Beauty pageants are like olives – you either love them or you hate them.
Whatever your feelings, you can’t deny the magnetic pull that pageantry has. It’s a glitzy and glamorous affair representing one of the nation’s oldest traditions. Popular beauty pageants such as the Miss America Organization and Miss USA have been staples of American culture for a century, getting its start as a celebration of classic American beauty.
Recently, however, as more and more harmful stereotypes are denounced and reconsidered, beauty pageants have been cast under a skeptical light. Many pageants have completely rebranded their organizations to fit with the changing times, like allowing transgender women to compete or eliminating the swimsuit portion of competition.
However, one pageant has remained true to its values – with good reason.
Beautiful Girls Everywhere
It all began in 2007, when founder Jordan Somer was 12 years old. She volunteered at a Special Olympics event, and during the award ceremony, one athlete caught her attention.
“She didn’t win the gold, silver, or bronze, but when she stepped up to the platform to receive her award, she threw her arms in the air and yelled to screaming supporters, ‘I did it, I did it!’” Somer said. “I immediately fell in love with this environment — one that celebrated effort and grit. I wanted to create something new for those with disabilities, and my mind immediately went to pageants.”
It was that moment that inspired Somer to start the Miss Amazing pageant, an empowering annual competition for young girls and women with physical and intellectual disabilities. The first pageant was held in Omaha, Nebraska, with just 15 participants.
Somer competed in pageants as a kid and considered it a positive experience. To her, it was less about beauty and makeup and more about personal advocacy, philanthropy and meeting new friends. She created Miss Amazing in hopes of fostering a national self-esteem movement for those who often fall under the radar, or might not be afforded the same opportunities as their able-bodied peers. Now, in 2023, there are 36 states with ties to the program, with all Midwestern states actively participating.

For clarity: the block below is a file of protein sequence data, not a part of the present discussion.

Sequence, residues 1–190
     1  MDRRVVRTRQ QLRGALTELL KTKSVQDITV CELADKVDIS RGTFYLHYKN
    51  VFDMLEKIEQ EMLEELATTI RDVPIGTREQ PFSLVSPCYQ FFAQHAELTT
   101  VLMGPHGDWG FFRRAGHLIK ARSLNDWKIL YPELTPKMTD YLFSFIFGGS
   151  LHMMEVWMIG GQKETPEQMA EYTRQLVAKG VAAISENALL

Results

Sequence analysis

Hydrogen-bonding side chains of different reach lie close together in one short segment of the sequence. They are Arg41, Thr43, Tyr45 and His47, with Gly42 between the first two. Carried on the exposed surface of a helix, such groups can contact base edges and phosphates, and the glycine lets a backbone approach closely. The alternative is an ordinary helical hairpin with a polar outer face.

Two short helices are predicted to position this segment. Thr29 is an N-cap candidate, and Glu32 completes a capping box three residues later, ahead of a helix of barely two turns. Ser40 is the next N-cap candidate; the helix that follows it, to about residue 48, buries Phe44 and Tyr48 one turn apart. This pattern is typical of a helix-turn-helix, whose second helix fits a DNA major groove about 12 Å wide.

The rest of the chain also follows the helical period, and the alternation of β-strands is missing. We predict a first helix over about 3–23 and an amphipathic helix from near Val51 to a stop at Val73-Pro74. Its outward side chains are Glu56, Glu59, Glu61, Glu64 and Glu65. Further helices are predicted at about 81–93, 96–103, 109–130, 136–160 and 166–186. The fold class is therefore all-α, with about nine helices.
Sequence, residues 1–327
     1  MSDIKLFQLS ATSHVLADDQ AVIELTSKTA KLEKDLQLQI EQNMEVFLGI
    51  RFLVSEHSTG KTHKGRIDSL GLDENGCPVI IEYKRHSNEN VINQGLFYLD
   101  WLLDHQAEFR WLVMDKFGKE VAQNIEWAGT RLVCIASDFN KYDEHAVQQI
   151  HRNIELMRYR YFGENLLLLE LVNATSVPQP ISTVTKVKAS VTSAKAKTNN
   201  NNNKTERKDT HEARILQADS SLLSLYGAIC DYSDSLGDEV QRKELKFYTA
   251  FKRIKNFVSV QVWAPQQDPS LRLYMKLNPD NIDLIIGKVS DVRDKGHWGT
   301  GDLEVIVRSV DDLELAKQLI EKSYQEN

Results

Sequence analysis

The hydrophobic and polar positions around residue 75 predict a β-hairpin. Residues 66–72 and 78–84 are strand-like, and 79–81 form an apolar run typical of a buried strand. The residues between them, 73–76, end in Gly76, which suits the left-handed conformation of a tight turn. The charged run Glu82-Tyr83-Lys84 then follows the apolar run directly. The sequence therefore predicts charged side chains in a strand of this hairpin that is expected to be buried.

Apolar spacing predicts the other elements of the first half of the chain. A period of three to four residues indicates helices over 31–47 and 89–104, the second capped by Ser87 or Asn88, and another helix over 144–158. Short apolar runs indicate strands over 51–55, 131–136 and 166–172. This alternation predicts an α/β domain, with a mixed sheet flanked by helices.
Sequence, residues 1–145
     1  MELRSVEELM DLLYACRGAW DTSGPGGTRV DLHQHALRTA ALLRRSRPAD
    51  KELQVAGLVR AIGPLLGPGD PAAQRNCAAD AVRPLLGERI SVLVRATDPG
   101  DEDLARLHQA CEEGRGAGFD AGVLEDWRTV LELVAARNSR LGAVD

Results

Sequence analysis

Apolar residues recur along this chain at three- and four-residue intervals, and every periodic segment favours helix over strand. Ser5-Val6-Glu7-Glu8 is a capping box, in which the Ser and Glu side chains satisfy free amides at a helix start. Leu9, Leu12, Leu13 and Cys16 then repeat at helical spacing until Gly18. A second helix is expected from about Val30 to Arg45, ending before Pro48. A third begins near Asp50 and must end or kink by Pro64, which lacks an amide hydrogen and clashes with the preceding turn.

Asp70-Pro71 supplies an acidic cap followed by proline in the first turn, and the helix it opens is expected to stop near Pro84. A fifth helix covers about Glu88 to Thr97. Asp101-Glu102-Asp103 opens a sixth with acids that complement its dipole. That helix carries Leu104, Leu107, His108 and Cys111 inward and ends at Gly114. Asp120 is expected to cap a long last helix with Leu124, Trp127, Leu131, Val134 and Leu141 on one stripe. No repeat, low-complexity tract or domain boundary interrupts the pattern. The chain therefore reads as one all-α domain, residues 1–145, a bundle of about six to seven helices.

Bringing Back the Joy
The Miss Amazing pageant has taken off across the nation. This past February, dozens of competitors aged five to 36 arrived at Urbandale High School in Central Iowa to compete for the title of Miss Iowa Amazing 2023. On their docket was a fun-filled weekend of interviews, hair and makeup sessions and preparation for the final show. One of the most exciting aspects of the show, according to the participants, was the Passion Presentation phase of competition. Each contestant was given the opportunity to showcase a skill or hobby that they are most passionate about. Singing, cheerleading and flag twirling were among the fan favorites.
Hayley Buettel, an Iowa native and runner up at Miss Iowa USA, had the privilege of judging the pageant that weekend.
“Everyone brings their own spirit and skill sets to the table, so it’s extremely hard to pick a winner,” Buettel said. “For the girls, it’s less about winning and more about having the time of their lives.”
At the end of the competition, three new queens were crowned as Iowa titleholders, and will advance to nationals and vie for the prestigious title of Miss Amazing 2023. Morgan Tooley, co-director for Iowa Miss Amazing, hopes to keep the organization running as long as possible.
“People tend to underestimate people with disabilities sometimes,” Tooley said. “Our organization is about completely dispelling that stereotype and putting them up on a platform where they can define themselves and show everyone how special they truly are.”